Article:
6pence Resistance Spot Welder

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spinningmagnets   100 GW

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Re: 6pence Resistance Spot Welder

Post by spinningmagnets » Mar 24 2017 2:22pm

Brass would be a better conductor for the probe holders, so they would run cooler than steel. Copper would work fine, but it is softer and easier the strip the threads when you tighten the screws onto the cables and probes...

edit: yeah, (post below) brass is made specifically to machine easily, among other attributes...

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Re: 6pence Resistance Spot Welder

Post by Storapa » Mar 24 2017 3:31pm

spinningmagnets wrote:Brass would be a better conductor for the probe holders, so they would run cooler than steel. Copper would work fine, but it is softer and easier the strip the threads when you tighten the screws onto the cables and probes...
Good point about running cooler. I hadn't thought about that. Copper is also a pain in the A to machine.
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Re: 6pence Resistance Spot Welder

Post by sudsy7 » Mar 25 2017 12:00pm

The demo video shows 2 car batteries in parallel for power. Is that really required for this to work or just provides extra capacity for more welds?

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Re: 6pence Resistance Spot Welder

Post by spinningmagnets » Mar 25 2017 12:11pm

In order to keep the welder simple, the amps are adjusted by changing the amount of the battery amps. You can use one small battery, one medium, one large, two medium, two large.

The amount of amps you need is dependent solely on the thickness of the strips you are welding, and the results you are getting with "X" amount of battery. Once you have settled on a combination that provides good results, just stick with the same battery combo and the same nickel bus thickness.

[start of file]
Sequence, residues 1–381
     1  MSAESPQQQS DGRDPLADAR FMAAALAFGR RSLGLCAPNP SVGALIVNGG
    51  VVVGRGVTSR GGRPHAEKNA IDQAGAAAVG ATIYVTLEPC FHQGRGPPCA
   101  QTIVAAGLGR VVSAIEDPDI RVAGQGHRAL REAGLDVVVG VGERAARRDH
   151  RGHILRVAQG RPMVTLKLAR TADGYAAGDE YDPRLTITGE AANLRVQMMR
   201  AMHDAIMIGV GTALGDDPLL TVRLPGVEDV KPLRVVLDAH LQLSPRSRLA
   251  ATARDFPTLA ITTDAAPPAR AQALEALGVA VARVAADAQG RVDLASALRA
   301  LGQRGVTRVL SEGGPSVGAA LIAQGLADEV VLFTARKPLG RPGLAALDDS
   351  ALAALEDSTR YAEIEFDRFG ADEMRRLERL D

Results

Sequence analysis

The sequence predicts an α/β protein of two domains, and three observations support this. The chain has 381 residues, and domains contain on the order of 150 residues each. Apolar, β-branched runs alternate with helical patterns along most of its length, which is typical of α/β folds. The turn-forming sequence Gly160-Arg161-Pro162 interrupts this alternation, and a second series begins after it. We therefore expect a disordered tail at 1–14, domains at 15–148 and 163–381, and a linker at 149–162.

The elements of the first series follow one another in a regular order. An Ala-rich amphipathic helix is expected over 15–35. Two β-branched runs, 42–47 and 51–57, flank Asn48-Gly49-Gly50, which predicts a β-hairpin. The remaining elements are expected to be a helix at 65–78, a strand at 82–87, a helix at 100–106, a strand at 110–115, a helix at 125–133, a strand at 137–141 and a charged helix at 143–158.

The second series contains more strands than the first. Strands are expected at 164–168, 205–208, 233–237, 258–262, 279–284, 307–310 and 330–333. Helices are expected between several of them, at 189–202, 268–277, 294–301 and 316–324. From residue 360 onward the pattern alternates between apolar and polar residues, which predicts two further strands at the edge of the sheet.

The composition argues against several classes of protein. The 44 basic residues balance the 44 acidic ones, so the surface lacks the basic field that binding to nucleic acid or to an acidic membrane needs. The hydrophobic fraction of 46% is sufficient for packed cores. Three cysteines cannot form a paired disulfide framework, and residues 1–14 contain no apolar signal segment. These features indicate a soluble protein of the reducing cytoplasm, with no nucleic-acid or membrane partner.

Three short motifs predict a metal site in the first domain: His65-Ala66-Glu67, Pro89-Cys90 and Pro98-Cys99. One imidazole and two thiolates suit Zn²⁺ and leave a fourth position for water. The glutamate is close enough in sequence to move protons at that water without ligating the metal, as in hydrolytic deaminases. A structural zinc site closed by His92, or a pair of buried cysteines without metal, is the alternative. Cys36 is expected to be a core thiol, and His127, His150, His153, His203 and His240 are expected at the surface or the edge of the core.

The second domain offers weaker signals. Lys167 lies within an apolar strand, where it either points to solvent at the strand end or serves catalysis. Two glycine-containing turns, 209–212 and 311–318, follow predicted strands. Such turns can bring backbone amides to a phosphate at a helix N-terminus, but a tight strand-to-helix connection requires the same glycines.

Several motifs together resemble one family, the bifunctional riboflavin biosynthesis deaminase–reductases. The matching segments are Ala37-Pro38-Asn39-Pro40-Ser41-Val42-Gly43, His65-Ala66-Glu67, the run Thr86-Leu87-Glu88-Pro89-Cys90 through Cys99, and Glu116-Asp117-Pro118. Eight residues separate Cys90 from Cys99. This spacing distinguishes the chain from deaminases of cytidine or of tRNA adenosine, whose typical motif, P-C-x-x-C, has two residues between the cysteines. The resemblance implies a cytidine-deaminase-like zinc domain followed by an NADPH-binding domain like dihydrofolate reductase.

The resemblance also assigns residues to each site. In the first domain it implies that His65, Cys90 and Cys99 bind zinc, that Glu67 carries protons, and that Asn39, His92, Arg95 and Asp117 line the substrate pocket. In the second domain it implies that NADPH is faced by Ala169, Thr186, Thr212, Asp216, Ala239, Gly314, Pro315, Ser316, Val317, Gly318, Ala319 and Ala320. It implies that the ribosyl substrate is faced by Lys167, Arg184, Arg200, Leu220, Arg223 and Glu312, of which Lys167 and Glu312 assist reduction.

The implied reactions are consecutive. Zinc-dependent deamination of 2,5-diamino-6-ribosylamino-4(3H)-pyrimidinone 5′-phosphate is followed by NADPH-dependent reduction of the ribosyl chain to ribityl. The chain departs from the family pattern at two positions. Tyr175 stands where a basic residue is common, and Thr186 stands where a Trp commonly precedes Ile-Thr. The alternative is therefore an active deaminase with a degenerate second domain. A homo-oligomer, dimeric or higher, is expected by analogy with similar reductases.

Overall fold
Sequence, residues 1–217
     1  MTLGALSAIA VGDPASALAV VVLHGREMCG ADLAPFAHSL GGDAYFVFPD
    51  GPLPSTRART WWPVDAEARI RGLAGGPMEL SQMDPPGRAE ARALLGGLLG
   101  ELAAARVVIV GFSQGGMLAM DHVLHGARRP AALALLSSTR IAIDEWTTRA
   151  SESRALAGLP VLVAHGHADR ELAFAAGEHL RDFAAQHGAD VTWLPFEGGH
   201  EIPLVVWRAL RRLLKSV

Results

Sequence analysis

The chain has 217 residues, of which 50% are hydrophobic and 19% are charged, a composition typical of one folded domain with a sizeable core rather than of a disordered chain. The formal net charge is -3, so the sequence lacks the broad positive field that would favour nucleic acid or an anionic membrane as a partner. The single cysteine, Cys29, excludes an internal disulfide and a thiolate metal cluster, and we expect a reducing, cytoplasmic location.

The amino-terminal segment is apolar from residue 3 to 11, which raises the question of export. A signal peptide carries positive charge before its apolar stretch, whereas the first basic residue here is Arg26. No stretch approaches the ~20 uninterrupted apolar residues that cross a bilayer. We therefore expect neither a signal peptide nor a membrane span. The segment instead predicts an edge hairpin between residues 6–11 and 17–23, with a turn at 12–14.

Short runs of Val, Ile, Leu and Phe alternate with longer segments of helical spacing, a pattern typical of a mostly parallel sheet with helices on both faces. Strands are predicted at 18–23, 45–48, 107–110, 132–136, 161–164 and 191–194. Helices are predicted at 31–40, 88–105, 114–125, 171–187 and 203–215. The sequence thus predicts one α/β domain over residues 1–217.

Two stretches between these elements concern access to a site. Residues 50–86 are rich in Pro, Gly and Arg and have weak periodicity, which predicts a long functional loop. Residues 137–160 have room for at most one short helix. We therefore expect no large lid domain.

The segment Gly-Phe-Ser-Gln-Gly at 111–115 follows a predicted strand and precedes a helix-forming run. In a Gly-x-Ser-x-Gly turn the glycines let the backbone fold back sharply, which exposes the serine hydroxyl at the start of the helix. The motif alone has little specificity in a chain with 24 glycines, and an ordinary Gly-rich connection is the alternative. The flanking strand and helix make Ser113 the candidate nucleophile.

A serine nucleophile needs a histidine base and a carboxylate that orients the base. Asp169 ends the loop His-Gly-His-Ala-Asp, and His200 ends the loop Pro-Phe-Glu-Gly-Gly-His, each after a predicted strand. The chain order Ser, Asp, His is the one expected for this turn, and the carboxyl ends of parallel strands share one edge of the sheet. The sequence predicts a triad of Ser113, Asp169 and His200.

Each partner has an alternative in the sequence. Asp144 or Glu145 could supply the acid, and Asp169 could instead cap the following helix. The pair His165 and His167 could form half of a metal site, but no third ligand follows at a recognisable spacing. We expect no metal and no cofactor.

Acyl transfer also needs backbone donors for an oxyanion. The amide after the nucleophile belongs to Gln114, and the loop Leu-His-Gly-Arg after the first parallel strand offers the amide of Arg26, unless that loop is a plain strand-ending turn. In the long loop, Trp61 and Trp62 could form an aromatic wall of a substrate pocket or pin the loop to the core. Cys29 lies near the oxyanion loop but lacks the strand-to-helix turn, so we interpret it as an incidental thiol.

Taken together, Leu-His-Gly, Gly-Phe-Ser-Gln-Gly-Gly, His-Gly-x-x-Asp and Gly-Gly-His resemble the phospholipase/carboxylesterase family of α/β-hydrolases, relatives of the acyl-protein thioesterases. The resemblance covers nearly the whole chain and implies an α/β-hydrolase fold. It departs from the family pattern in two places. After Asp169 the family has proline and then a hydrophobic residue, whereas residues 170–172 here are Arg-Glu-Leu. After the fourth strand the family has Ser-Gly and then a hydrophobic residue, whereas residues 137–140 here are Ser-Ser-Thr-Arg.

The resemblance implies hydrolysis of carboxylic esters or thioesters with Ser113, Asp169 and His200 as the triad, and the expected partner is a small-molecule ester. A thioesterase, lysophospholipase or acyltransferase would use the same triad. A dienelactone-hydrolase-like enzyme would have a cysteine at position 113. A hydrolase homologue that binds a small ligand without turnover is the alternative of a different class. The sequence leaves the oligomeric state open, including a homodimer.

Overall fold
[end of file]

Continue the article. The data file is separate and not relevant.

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Re: 6pence Resistance Spot Welder

Post by sudsy7 » Mar 25 2017 12:29pm

spinningmagnets wrote:In order to keep the welder simple, the amps are adjusted by changing the amount of the battery amps.
So would the CCA of the battery be a better indicator of "weld power" than Ah? Most of the car batteries I have seen don't even have Ah ratings.

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Re: 6pence Resistance Spot Welder

Post by fechter » Mar 25 2017 1:41pm

sudsy7 wrote:
So would the CCA of the battery be a better indicator of "weld power" than Ah? Most of the car batteries I have seen don't even have Ah ratings.
Generally, yes. A physically larger battery will have more. "Deep cycle" or RV batteries are not as good as they have less plate surface area.
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Re: 6pence Resistance Spot Welder

Post by spinningmagnets » Mar 25 2017 2:46pm

Lead/acid is a different world than lithium (or capacitors)...The amount of "Cold Cranking Amps" (CCA) is directly related to how much surface area is available for the chemical reaction between lead oxide plates and the lead DI-oxide plates (with a sulfuric acid 50% electrolyte solution).

A "deep cycle" battery has thick plates (about as thick as your little finger), because as the battery is charged and discharged...each plate is dissolved a little bit. This limits the physical volume of the total battery pack.

An automobile engine "starter battery" needs to provide a LOT of CCA on start-up, but...it is re-charged up immediately by the cars' alternator. Therefore, the way to have the maximum CCA is to have as many as possible THIN plates in the electrolyte bath as possible.

For the purposes of the "pocket spot-welder" designs...definitely use a car starter battery, do NOT buy an expensive "deep cycle" battery...

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Re: 6pence Resistance Spot Welder

Post by The Mighty Volt » Mar 26 2017 10:35am

sudsy7 wrote:
spinningmagnets wrote:In order to keep the welder simple, the amps are adjusted by changing the amount of the battery amps.
So would the CCA of the battery be a better indicator of "weld power" than Ah? Most of the car batteries I have seen don't even have Ah ratings.
Car batteries provide more wallop for far less time, as SpinningMagnets said, they have more and thinner plates, designed to provide more wallop per turnover.

Leisure batteries have fewer but fatter plates, designed to provide less initial current but longer,deeper discharge cycles.

So a 100Ah 12v car battery would, all other things being equal, weld thicker strips than a 100Ah leisure battery...........but the leisure battery would weld more of thinner stuff.

It's all about getting a few batteries and testing.

With the old capacitance discharge welders, it was a question of getting good Caps and then adjusting the voltage for the material you were welding. 3 Farads at 12v did nothing. 3 Farads at 17v atomised the nickel.

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Re: 6pence Resistance Spot Welder